'Captain Fantastic' Isn’t A True Story, But Its Real Life Inspiration Is Fascinating

The new film Captain Fantastic may sound like it's the next big budget superhero blockbuster, but it is in fact something wildly different and unique. The comedy/drama is about a man who raises his six children deep in the woods of Washington in their own small utopian society, until he is forced to take them into the real world for the first time, where they face endless challenges and questions. The film, while fantastic like the title suggests, seems totally plausible, which is why many fans are wondering if Captain Fantastic is based on a true story. So is it?

Despite its seemingly realistic storyline, Captain Fantastic is totally made up. Not only that, but it doesn't appear that the film traces even its loose inspiration to any specific real life event. Instead, the idea for the movie comes wholly from writer/director Matt Ross, who came up with the idea after becoming a father himself and having the desire to raise his children in a perfect world; having complete control over their upbringing. The movie explores not only that philosophy, but also the downside of the idealism that occurs when the children inevitably encounter the real world and begin to think for themselves. Here's what Ross told Eugénie Malinjod of the Festival de Cannes:

"The genesis of Captain Fantastic was my having two children, making this the most personal story I’ve ever written. In this respect, the main character is my fantasy of myself and the film is aspirational. Every parent wants their child to have a happy, fulfilling life and wants to prepare their child for the challenges of life. Captain Fantastic is a dramatic, and sometimes comedic, exploration of this idea ... I want nothing more than to teach my kids everything I’ve learned about life, to help them navigate the world, to protect them. But to do this in the way the main character does it, to actually retreat from society and devote every waking moment to being a parent — perhaps there are costs there as well. On some level, the film asks a very simple question, as a parent, where does one draw the line between doing too much and doing too little?"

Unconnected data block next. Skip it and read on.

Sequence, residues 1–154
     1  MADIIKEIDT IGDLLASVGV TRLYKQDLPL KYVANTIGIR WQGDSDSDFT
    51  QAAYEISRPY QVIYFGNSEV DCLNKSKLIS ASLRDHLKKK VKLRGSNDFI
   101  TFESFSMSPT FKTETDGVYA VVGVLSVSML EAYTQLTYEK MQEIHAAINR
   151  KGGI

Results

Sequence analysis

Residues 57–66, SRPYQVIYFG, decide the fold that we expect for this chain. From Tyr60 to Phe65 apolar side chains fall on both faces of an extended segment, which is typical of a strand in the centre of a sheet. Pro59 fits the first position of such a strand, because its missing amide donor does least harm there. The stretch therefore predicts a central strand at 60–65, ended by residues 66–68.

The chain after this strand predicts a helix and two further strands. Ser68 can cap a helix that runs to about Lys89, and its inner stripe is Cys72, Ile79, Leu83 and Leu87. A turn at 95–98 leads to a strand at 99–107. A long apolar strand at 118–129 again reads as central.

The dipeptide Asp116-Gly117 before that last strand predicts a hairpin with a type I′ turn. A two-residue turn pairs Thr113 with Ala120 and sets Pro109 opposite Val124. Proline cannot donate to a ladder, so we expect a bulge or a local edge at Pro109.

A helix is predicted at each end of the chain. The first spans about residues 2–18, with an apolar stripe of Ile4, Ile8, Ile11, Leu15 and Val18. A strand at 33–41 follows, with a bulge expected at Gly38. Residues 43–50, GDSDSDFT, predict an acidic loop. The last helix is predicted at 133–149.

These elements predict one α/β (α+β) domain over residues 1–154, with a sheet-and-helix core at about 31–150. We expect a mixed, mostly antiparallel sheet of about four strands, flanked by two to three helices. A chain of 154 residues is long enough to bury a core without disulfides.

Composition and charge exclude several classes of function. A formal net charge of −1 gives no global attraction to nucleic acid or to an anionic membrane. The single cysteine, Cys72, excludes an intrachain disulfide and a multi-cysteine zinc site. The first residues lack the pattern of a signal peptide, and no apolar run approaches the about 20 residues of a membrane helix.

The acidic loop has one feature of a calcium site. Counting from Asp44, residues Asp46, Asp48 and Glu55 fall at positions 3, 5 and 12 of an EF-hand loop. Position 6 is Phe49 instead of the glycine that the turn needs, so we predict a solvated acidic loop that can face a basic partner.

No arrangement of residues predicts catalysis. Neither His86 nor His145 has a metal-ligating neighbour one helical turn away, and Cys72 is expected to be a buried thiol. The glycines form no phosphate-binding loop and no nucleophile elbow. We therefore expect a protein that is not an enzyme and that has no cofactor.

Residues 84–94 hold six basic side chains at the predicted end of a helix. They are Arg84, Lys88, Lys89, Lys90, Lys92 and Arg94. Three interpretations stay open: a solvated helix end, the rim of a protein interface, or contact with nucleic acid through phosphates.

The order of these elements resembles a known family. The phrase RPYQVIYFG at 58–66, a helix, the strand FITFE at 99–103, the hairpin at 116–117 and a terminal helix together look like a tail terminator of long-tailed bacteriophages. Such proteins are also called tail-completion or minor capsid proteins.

So Ross came up with the idea based on his own question when it comes to trying to raise his own children. But as for the hippie-like father of the film and the wilderness setting, Ross drew from his own experiences growing up, since he was raised in part on various anti-establishment communes. The director told Terry Gross on NPR's Fresh Air:

"My mother started or was part of starting various alternative living communities ... it's very important to me to make clear that they weren't hippie communes ... these people were clearly not hippies ... They tended to be artisans or artists or simply people who did not want to live in a urban environment. And some of them had families. Some of them were just by themselves or with a partner. Some of the homes had electricity and plumbing, some did not ... At one point, we lived something like eight miles from a cement road and 35 or 40 minutes away from the general store, which was literally called the general store, and about an hour and change from a town of a thousand people. So we were very, very far in the forest ... And we also lived in a teepee. You know, at one point in the summer, we'd live in a teepee and go swimming in the pond."

Ross's own experiences both growing up and as a parent helped contribute to the unique story of Captain Fantastic, so even though the film isn't factual, in a way, it will always be true to him.

Images: Bleecker Street